There is plenty of room for growth with the continue growth of the entire Alabama Gulf Coast as well as the opportunity to add sales of new and used boats. There is also room for increasing storage capabilities and with the addition of a couple of techs, the business can grow even faster. They stay extremely busy and have the capability to double their business with an aggressive marketing effort. The business currently works off referrals and does very little advertising.

Home Based:

This Business Is Home Based

Additional Info

The business was founded in 2005, making the business 17 years old.
The deal won't include inventory valued at $135,000*, which ins't included in the suggested price.

The business has 3 employees and is situated in a building with disclosed square footage of 2,500 sq ft.
The building is leased by the business for $4,500 per Month

Why is the Current Owner Selling The Business?

There are all sorts of reasons why individuals resolve to sell businesses. Nevertheless, the real factor vs the one they tell you may be 2 totally different things. For instance, they may say "I have too many other commitments" or "I am retiring". For lots of sellers, these factors are valid. However, for some, these may just be reasons to try to conceal the reality of transforming demographics, increased competition, current reduction in revenues, or a range of various other reasons. This is why it is really crucial that you not depend totally on a vendor's word, yet instead, utilize the vendor's solution combined with your overall due diligence. This will repaint a much more sensible image of the business's present circumstance.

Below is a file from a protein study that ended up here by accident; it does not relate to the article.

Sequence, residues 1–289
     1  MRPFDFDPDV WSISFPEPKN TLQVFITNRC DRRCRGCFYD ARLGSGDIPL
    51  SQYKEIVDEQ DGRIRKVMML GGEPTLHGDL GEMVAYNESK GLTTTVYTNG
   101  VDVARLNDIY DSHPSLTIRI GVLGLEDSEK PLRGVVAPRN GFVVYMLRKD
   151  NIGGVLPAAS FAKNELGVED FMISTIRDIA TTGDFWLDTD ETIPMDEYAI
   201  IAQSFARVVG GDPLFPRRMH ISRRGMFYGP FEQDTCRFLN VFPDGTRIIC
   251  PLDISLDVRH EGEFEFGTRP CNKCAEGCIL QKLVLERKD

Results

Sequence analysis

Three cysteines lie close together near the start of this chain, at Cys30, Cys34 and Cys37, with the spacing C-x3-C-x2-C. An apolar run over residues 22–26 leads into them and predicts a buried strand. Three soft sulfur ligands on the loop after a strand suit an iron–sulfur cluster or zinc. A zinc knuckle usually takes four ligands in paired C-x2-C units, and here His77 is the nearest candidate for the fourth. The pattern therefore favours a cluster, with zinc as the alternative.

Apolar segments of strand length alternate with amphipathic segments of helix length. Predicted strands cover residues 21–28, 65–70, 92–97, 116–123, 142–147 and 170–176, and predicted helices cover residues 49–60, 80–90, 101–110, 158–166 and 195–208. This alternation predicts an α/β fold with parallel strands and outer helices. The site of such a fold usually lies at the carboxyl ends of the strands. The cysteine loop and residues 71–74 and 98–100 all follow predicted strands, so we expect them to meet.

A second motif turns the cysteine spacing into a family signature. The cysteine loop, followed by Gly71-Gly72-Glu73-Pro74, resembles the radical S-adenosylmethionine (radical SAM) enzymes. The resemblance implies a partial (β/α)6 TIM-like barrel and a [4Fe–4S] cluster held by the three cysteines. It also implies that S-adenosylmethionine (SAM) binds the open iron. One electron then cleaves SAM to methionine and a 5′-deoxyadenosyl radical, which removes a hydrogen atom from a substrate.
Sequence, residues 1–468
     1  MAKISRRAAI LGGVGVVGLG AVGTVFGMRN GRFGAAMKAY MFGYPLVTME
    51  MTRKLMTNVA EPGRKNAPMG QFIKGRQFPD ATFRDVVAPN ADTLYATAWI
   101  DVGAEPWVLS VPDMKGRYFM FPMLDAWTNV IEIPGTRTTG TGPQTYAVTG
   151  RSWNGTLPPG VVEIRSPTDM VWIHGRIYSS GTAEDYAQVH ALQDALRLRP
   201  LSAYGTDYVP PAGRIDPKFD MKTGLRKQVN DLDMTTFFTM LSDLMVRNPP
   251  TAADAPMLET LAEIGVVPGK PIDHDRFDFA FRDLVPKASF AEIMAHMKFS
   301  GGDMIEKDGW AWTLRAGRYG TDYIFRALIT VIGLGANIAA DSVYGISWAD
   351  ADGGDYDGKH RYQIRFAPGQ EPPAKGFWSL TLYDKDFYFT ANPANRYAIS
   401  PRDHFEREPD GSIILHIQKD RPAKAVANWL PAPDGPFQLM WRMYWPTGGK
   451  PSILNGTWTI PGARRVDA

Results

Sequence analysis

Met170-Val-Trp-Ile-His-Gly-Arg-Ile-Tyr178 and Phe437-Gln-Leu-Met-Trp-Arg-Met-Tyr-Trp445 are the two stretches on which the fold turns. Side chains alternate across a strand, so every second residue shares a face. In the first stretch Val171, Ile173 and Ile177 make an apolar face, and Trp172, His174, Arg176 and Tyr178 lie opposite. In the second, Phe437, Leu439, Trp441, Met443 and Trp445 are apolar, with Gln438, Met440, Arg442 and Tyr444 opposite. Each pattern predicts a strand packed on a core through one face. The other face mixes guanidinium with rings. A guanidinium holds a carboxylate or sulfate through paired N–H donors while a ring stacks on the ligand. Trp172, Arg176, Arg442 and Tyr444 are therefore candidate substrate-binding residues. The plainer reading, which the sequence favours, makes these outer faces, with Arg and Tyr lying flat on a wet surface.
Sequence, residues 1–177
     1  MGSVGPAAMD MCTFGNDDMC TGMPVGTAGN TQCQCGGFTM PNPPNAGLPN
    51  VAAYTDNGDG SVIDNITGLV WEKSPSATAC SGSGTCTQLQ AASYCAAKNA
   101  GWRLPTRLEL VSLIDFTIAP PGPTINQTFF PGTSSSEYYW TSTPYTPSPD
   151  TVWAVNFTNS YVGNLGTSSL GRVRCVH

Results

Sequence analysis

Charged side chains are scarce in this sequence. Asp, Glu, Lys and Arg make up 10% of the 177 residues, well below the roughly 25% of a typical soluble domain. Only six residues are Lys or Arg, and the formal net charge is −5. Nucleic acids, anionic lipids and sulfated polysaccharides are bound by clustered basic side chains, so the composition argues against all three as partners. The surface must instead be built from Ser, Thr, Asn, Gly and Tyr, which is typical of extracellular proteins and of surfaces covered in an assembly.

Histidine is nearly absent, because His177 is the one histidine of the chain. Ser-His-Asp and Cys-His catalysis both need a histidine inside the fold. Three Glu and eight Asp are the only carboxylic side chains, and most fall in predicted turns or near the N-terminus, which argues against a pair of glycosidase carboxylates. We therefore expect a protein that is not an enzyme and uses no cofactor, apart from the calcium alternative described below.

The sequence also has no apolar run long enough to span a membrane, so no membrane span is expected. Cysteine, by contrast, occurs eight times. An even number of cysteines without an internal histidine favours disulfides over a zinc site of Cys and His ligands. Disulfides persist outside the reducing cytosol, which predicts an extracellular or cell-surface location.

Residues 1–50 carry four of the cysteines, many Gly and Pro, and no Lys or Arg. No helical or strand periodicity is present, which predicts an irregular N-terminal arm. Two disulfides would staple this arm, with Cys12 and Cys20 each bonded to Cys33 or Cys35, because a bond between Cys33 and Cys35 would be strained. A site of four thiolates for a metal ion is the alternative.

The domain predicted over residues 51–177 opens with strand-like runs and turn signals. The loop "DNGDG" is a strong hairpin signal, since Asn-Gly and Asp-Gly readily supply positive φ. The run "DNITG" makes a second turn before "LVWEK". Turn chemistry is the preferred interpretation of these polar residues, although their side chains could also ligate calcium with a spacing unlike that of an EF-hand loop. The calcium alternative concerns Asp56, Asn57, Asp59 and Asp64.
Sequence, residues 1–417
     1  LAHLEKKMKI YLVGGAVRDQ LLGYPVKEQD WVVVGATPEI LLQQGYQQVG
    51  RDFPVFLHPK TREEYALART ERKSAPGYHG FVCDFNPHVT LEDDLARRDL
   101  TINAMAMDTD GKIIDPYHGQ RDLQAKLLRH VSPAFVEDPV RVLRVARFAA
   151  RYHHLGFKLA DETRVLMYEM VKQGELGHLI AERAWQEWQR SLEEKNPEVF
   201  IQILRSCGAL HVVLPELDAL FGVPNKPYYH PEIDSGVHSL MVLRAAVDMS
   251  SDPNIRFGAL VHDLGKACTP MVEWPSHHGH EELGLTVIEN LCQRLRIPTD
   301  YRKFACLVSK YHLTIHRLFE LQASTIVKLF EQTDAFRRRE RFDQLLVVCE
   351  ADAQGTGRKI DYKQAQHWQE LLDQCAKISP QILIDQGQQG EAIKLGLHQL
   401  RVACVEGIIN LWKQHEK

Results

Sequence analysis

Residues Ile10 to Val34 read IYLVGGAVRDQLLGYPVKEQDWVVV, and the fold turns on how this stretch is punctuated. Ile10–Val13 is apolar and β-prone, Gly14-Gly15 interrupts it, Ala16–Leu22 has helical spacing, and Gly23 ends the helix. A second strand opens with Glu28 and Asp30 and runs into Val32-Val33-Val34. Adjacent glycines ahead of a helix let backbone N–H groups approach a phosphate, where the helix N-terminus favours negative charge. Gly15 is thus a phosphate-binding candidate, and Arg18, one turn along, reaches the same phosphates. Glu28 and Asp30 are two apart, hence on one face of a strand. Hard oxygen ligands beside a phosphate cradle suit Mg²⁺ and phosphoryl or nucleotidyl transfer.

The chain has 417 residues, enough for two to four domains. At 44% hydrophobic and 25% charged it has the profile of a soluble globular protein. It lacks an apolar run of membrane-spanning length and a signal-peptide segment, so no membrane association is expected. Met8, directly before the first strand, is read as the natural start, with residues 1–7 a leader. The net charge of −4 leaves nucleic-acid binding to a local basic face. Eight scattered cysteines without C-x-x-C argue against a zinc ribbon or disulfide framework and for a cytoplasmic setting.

Existing Debts and Future Obligations

If the current entity is in debt, which many businesses are, then you will certainly have reason to consider this when valuating/preparing your deal. Numerous businesses finance loans with the purpose of covering items such as stock, payroll, accounts payable, and so on. Bear in mind that in some cases this can mean that earnings margins are too thin. Numerous businesses fall under a revolving door of taking loans as a way to pay back various other loans. Along with debts, there may likewise be future obligations to take into consideration. There may be an outstanding lease on tools or the structure where the business resides. The business might have existing agreements with suppliers that must be fulfilled or may result in fines if canceled early.

Understanding the Customer Base, Competition and Area Demographics

Just how do companies in the location bring in new consumers? Often times, businesses have repeat customers, which develop the core of their day-to-day profits. Certain variables such as new competitors growing up around the area, roadway building and construction, as well as personnel turnover can impact repeat customers as well as negatively influence future earnings. One important thing to think about is the location of the business. Is it in a very trafficked shopping center, or is it hidden from the highway? Obviously, the more individuals that see the business often, the higher the possibility to develop a returning client base. A last thought is the general location demographics. Is the business located in a largely inhabited city, or is it located on the outside border of town? Just how might the local median household income impact future revenue potential?